Add this case to the laundry list of Home Affordable Modification Program ("HAMP") complaints that the United States District Court for the District of Maryland has thrown in the HAMPer. Rhodomoyer v. Wells Fargo Bank, RDB 12-3806 is useful because it sites the numerous cases which have, in the Court's words, "uniformly held that relief cannot be granted to private plaintiffs alleging HAMP violations." We have reported on some of these cases previously as these decisions have been rendered, and they include Goss v. Bank of America, CCB-12-2680 (Jan. 8, 2013); Farasat v. Wells Fargo Bank, N. A., WDQ-12-1276 (Dec. 19, 2012); Legore v. OneWest Bank, FSB, L-11-0589 (Oct. 15, 2012); Spaulding v. Wells Fargo Bank, N.A.; GLR-11-2733 (July 23, 2012); Stovall v. Suntrust Mortg., Inc., RDB-10-2836 (Sept. 20, 2011); Allen v. CitiMortgage, Inc., CCB-10-2740 (Aug. 4, 2011).
What makes this case different? This decision makes clear that while HAMP does not create a private right of action, it does not preclude such claims either and that "state law claims involving agreements made as part of HAMP" can theoretically be brought. The problem, of course, is that such state law claims are founded in diversity, not federal question, jurisdiction and plaintiffs seem to be challenged in either pleading a prima facie state law claim or (as in this case) pleading damages that exceed the $75,000 federal diversity jurisdiction requirement.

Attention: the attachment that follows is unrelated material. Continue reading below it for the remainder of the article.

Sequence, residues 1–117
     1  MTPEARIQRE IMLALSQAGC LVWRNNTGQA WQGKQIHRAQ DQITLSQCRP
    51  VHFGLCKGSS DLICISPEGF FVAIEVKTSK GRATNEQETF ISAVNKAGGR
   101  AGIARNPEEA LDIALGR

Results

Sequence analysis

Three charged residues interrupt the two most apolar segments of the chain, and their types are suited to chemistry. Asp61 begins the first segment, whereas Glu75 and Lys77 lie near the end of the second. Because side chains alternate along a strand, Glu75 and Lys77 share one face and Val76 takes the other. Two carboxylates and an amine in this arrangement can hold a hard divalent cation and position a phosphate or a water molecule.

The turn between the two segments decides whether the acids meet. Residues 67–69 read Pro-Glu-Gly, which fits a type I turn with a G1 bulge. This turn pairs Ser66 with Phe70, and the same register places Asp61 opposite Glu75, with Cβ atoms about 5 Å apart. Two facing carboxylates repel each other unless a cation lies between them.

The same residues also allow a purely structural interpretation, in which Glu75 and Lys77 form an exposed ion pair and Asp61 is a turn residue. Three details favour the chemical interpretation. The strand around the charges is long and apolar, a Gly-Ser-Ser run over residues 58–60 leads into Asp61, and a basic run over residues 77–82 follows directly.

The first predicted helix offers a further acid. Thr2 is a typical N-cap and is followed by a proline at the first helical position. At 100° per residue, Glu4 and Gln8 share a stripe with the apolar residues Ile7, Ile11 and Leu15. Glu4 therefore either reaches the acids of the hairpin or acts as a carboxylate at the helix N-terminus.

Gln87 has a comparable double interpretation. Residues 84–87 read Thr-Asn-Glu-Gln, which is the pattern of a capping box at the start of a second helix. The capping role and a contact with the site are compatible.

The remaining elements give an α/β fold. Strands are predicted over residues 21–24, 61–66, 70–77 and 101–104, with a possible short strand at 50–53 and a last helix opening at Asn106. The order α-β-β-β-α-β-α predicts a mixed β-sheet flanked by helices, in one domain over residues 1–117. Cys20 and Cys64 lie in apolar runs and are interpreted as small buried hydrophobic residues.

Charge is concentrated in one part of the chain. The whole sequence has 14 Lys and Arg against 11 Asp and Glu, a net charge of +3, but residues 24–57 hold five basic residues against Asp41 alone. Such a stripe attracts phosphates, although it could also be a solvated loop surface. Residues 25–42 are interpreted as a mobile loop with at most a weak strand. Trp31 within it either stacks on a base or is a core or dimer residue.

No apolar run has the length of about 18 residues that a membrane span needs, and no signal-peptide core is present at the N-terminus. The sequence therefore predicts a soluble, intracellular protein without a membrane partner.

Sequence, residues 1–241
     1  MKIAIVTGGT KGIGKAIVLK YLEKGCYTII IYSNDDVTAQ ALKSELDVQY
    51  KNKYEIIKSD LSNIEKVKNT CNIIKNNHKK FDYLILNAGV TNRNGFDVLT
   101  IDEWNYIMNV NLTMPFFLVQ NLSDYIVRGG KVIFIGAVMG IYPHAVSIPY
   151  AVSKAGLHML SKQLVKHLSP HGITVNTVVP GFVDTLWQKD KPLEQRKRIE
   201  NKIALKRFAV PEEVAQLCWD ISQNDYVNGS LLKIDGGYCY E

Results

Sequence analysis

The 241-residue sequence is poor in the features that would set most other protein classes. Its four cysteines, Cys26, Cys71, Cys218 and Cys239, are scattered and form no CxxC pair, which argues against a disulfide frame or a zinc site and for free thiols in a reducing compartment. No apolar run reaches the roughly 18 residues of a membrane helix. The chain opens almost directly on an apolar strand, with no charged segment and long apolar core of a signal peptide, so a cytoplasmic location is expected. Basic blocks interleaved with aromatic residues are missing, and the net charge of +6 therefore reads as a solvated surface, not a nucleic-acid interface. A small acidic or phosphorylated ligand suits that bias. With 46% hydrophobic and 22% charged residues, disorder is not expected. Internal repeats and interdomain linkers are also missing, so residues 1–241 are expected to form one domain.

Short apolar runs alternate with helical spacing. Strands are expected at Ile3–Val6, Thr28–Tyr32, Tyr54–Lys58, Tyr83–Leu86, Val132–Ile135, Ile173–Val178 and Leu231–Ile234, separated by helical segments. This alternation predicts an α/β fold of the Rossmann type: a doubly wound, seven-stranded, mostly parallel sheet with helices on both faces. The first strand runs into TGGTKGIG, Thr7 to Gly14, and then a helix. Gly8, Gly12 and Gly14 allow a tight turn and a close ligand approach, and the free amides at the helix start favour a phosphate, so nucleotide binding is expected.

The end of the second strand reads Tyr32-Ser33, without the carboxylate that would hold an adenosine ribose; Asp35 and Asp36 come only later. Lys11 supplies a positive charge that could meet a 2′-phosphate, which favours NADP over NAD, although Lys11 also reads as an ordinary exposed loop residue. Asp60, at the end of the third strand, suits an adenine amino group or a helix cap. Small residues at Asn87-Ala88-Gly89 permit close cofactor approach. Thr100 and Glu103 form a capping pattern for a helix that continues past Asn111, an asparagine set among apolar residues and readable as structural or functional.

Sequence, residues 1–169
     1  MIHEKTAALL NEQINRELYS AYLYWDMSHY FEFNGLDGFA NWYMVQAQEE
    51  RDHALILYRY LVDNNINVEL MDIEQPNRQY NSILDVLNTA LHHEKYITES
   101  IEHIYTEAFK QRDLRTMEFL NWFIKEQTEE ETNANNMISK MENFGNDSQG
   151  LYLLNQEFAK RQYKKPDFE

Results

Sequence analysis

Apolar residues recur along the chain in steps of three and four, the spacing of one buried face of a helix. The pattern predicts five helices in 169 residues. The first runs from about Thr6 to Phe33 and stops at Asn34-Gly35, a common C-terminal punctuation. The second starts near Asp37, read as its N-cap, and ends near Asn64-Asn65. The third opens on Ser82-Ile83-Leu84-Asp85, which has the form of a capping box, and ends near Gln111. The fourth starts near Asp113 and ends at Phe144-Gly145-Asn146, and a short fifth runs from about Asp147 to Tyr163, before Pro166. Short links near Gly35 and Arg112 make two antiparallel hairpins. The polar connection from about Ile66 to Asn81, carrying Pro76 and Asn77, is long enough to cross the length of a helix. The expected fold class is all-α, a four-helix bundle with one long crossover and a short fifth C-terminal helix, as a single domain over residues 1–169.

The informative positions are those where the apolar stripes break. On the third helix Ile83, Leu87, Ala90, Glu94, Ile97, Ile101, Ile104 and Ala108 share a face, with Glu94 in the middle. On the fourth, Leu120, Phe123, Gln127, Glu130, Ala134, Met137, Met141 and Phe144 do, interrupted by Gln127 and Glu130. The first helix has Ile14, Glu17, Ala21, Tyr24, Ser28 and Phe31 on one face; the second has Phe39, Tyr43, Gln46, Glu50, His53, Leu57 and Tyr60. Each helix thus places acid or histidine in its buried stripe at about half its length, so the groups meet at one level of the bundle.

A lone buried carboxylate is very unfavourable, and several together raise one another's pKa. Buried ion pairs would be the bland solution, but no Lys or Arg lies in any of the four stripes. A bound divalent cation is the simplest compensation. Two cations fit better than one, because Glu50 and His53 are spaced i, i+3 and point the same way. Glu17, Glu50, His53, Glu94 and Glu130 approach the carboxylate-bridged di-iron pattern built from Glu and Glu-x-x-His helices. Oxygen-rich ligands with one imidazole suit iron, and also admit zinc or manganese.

Mr. Rhodomoyer (who is pro se) was a little creative and alleged medical costs resulting from a "stress induced illness" that he purportedly obtained while dealing with the bank in its modification program. Less creative (but perhaps more plausible) he alleged damages resulting from closing costs and home improvements he purportedly made in reliance on HAMP. Not enough, sir. The HAMPer is getting fuller by the day.Copyright © 2014 Womble Carlyle Sandridge & Rice, PLLC. All Rights Reserved.